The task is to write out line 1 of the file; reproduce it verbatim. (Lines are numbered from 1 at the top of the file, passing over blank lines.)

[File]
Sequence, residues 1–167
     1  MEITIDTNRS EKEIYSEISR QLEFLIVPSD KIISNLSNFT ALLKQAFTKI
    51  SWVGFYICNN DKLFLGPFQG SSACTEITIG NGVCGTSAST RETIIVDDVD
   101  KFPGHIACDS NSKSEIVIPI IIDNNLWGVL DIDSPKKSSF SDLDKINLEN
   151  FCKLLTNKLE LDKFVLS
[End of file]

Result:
Sequence, residues 1–167